Mb? I guess so [I will call their tech support too I did - yes 10Mb].

    OK, so I need to buy a new hub. Any suggestions? I mean quality-wise not
    price-wise. I could use an 8 hub port.

    BTW, Tom, I very much appreciate your insight. /PaulN
    Paul Guest

  6. #6

    Default Re: network speed - please advise me

    On 4 Sep 2003, Paul Nevai wrote:
     
    10 Base-T means 10 megabits/s, which means you will get a maximum real
    world throughput of around 1 megabyte/s.

    Fred

    Frederick Guest

  7. #7

    Default Re: network speed - please advise me

    Frederick Cheung <DUH.ucam.org> aszonygya:
    :10 Base-T means 10 megabits/s, which means you will get a maximum real
    :world throughput of around 1 megabyte/s.

    Yep, you are right. I see that Intel is no longer selling inBusiness hubs.
    Some Amazon raters complain that their Linksys hubs die too soon. Any
    suggestions for a solid 100 Base-T 8 port hub to work with my Airport? /PaulN
    Paul Guest

  8. #8

    Default Re: network speed - please advise me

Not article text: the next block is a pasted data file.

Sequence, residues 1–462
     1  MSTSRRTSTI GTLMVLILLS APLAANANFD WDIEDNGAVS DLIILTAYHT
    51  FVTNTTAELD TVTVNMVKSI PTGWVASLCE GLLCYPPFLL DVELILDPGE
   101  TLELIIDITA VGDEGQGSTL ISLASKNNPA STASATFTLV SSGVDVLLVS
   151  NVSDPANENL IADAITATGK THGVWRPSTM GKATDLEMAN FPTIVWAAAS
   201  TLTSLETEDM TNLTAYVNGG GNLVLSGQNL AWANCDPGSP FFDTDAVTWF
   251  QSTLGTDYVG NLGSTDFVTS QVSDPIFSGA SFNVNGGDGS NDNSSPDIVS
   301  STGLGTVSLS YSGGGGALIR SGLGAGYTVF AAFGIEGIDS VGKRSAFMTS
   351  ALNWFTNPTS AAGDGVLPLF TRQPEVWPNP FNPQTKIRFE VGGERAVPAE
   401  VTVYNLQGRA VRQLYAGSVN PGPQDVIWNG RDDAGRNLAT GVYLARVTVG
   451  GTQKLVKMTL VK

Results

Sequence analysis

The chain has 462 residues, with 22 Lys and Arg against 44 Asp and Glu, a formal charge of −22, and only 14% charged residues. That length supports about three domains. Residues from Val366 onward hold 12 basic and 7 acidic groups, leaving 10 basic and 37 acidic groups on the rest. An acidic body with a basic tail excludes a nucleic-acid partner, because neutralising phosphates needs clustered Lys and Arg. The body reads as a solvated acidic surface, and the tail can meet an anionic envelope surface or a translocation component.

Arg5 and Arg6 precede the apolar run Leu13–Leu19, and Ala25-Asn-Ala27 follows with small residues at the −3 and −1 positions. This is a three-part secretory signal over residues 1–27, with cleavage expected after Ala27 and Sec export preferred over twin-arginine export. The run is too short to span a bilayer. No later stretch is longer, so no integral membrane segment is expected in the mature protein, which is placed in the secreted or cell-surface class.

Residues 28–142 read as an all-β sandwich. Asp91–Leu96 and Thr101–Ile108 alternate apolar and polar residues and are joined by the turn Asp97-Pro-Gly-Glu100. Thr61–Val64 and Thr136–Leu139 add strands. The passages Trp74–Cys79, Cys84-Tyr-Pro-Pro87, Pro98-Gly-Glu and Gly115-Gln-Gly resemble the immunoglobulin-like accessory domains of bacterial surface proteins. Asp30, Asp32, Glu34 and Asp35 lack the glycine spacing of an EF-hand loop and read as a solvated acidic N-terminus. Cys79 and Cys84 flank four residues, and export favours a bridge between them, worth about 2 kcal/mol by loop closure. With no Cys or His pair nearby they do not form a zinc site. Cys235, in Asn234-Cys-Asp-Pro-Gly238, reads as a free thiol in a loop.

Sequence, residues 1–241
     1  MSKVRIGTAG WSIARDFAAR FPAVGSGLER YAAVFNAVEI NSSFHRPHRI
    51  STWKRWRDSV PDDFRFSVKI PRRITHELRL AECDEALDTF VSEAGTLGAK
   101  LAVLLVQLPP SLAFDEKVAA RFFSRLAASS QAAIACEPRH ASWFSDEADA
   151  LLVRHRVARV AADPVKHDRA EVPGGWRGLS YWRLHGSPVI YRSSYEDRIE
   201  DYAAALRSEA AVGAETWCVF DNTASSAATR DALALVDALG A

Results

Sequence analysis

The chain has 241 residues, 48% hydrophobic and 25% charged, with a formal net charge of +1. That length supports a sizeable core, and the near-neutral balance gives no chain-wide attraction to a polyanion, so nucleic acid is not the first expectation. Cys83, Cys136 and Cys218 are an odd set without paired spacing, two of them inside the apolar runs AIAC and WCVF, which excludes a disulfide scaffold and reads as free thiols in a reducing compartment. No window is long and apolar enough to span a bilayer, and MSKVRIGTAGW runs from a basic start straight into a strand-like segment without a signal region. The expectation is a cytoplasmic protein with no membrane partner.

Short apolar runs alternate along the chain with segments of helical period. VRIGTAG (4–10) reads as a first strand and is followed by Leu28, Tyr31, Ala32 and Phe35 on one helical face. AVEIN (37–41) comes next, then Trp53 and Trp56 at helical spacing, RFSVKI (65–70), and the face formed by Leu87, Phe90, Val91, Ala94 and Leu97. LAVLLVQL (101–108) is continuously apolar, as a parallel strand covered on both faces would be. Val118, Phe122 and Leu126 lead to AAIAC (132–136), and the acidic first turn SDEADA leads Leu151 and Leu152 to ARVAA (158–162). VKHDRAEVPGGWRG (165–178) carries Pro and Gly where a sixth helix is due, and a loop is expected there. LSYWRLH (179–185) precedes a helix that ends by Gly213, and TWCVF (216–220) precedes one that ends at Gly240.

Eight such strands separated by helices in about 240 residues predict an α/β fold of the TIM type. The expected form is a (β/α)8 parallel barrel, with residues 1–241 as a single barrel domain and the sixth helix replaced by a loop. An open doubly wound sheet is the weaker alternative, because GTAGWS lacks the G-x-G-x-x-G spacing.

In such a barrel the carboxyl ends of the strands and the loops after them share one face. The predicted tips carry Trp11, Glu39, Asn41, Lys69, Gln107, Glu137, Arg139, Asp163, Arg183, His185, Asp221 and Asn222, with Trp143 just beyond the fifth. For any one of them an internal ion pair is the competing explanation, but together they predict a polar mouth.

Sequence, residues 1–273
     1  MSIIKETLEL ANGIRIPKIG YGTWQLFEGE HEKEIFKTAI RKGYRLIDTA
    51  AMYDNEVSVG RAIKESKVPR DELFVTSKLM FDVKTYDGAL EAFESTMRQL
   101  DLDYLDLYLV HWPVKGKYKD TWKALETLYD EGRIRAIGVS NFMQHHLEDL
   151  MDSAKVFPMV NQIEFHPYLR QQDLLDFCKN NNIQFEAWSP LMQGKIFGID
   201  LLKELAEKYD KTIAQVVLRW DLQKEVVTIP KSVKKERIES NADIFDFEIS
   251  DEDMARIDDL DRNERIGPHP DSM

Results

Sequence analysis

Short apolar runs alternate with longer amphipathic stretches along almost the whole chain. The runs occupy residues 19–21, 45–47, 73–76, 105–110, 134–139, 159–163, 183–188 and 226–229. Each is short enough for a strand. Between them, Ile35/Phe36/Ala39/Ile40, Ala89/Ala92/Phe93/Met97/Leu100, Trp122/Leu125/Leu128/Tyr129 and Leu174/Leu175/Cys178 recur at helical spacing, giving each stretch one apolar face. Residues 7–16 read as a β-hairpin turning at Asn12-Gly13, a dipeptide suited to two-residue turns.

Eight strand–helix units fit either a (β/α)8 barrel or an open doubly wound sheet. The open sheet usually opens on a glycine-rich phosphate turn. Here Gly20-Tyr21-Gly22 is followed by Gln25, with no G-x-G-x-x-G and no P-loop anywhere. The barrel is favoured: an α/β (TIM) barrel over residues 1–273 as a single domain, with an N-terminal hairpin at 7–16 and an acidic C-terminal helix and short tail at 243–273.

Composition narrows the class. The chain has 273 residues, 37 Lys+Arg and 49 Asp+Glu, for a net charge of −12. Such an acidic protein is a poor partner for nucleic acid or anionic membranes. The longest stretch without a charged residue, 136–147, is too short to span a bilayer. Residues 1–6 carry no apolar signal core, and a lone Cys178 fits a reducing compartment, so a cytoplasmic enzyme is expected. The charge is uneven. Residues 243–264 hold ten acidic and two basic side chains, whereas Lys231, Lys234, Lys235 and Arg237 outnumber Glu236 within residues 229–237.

On 4 Sep 2003 20:36:10 GMT,
    Paul Nevai (ohio-state.edu) wrote: 

    Yes, the 10baseT refers to 10 mbits/sec.
     

    I have a Netgear FS108 8-port fast ethernet switch that has never given
    me trouble -- supports both 10 Mbps and 100 Mbps devices. Runs about
    $50 - $60.

    But there are many good, reliable choices in that price range with similar
    features. I happen to like Netgear's products. I would recommend a switch
    over a hub.

    Beverly
    --
    Bev A. Kupf
    "The lyfe so short, the craft so long to lerne" -- Chaucer
    Bev Guest

  9. #9

    Default Re: network speed - please advise me

    bevakupfthose_who_need_to_know_have_it aszonygya:
    :But there are many good, reliable choices in that price range with similar
    :features. I happen to like Netgear's products. I would recommend a switch
    :over a hub.

    Please explain the difference between a hub and a switch. Sorry for being so
    dumb. Google came up with over 300,000 hits for "ethernet hub switch". I'd
    appreciate a pointer for explanation. Thanks, PaulN
    Paul Guest

  10. #10

    Default Re: network speed - please advise me

    In article <bj87nq$ees$magnus.acs.ohio-state.edu>,
    ohio-state.edu (Paul Nevai) wrote:
     

    Why not go with a router instead. The Asanté Friendlynet that I have
    also has a serial port and parallel print spooler which really speeds up
    PostScript to the printer.

    --
    Ron
    Ron Guest

  11. #11

    Default Re: network speed - please advise me